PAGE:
Wednesday, February 11, 2015

The Succession of Peter

Eastern and Western Christianity both understand the succession of Apostle Peter differently, explaining the same text in two distinct ways. Nevertheless, John Meyendorff argues an interesting case, using the patristic tradition. He states:
‘St Peter had received from the Lord Himself the solemn promise: “You are Peter and on this rock I will build my Church” (Matt. 16:18), and this logion of Jesus was preserved, in St. Matthew, the Gospel of the church of Jerusalem, where Peter presided over the Eucharist and was the spokesman of the Church against which “the powers of hell shall not prevail.” But the Church-the same Church-was to be established elsewhere and others inherited also the promise given to Peter.

As early as St. Ignatius the image of the episcopate is associated with the image of the “rock” (To Polycarp 1:1). With Cyprian of Carthage the idea that each bishop, as the head and pastor of his local church, was a successor of St. Peter and the “rock” of faith was expressed quite clearly. Most scholars agree that for Cyprian the succession of Peter is in no way limited to Rome. Every local church is “the Church,” and as such inherits the promise given to Peter. “God is one,” he writes, “and Christ is one, and one is the Church, and there is one chair, founded on Peter by the Lord’s command.” (Eph. 43:5). This understanding follows necessarily from a “eucharistic” conception of the Church. If each local church is the Church in its fullness, the “catholic Church,” it must indeed be identical with that Church which was mentioned by Jesus Himself in Matt. 16:18, the Church founded on Peter.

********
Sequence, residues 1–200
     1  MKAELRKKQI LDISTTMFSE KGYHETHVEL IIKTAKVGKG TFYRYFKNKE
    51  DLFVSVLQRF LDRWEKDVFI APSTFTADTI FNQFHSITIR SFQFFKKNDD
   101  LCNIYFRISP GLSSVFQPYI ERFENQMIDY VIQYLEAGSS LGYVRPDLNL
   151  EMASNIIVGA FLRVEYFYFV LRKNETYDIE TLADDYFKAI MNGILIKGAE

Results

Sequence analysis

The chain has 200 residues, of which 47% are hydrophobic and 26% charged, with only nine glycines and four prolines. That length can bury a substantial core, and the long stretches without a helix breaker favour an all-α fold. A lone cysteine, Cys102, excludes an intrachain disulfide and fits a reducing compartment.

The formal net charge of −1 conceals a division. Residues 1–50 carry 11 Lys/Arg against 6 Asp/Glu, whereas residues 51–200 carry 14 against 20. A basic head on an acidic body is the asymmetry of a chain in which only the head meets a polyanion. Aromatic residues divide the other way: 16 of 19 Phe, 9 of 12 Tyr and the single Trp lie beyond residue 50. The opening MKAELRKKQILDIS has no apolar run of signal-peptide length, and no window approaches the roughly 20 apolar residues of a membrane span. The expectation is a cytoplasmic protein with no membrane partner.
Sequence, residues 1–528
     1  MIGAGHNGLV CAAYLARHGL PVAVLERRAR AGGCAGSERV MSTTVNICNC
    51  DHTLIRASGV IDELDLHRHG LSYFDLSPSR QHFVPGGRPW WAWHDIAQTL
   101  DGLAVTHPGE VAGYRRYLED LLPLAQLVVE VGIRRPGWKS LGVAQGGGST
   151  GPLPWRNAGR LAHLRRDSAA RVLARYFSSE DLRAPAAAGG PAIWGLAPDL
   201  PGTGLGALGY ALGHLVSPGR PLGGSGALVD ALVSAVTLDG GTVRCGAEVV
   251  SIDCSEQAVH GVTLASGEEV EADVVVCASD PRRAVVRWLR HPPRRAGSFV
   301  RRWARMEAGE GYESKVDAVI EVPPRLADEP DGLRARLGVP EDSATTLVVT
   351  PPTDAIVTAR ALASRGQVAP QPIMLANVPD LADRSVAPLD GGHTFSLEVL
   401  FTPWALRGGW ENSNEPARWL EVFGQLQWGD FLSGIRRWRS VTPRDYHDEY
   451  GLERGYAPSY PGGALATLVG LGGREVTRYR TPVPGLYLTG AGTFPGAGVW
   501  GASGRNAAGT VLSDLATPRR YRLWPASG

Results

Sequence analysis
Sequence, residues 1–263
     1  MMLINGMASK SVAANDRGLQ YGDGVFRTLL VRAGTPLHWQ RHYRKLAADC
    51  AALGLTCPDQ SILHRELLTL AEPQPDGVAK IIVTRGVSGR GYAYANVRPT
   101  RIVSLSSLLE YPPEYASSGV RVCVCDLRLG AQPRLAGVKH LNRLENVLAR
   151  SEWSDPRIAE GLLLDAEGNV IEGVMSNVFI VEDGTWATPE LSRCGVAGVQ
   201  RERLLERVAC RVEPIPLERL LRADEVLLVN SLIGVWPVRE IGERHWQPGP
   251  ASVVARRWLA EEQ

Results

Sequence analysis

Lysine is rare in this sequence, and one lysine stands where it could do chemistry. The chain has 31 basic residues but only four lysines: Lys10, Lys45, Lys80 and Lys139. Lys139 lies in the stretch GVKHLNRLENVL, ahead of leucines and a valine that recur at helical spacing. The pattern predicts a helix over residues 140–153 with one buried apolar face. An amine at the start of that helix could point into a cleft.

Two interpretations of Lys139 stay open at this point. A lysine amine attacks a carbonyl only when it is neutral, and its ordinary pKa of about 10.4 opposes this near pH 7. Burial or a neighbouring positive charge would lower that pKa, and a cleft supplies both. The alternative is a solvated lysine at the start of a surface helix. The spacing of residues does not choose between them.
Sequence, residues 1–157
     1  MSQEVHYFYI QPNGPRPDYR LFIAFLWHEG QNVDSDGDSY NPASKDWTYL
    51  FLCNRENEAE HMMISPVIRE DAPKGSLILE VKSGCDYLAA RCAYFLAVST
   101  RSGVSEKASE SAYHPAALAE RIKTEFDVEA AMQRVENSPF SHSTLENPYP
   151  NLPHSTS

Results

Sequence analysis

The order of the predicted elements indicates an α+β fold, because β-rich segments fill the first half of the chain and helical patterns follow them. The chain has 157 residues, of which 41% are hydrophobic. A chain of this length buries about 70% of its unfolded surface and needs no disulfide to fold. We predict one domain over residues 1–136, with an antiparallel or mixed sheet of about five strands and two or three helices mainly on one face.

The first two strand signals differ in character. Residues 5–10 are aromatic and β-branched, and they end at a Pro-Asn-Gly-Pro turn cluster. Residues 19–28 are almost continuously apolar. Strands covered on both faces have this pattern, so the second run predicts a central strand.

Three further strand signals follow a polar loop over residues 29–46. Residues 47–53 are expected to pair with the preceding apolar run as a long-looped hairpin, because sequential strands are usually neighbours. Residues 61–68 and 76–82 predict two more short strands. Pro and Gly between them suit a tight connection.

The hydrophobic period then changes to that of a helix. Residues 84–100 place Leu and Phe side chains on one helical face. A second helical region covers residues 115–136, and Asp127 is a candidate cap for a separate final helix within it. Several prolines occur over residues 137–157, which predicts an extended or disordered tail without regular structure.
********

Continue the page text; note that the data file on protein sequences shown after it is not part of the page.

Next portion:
Careful reading in the patristic Tradition, both Greek and Latin, indicates that this understanding was by no means limited to Cyprian, but prevailed in the minds of the major theologians. There was no formal elaboration of the idea, however, because “ecclesiology” was never treated systematically. St. Gregory of Nyssa speaks of the power of the keys transmitted by Peter to the bishops (De Castigatione, P.G. 46:312 C), and even Pseudo-Dionysius sees in Peter the prototype of the order of the “high priests” (Eccl. Hier. 7, 7). In the later period, especially after 1204 when a Latin patriarch was confirmed as bishop of Constantinople by the pope, Byzantine theologians began to use the argument against Rome: the pope is not the only successor of Peter, but all the bishops share equally in that dignity.’[1]
For more information on this interesting topic see: J. Meyendorff, The Primacy of Peter in the Orthodox Church (London: Faith Press, 1963), pp. 14-29.

[1] Meyendorff, John, Living Tradition, (Crestwood, St. Vladimir’s Seminary Press, 1978), pp. 49-50. 

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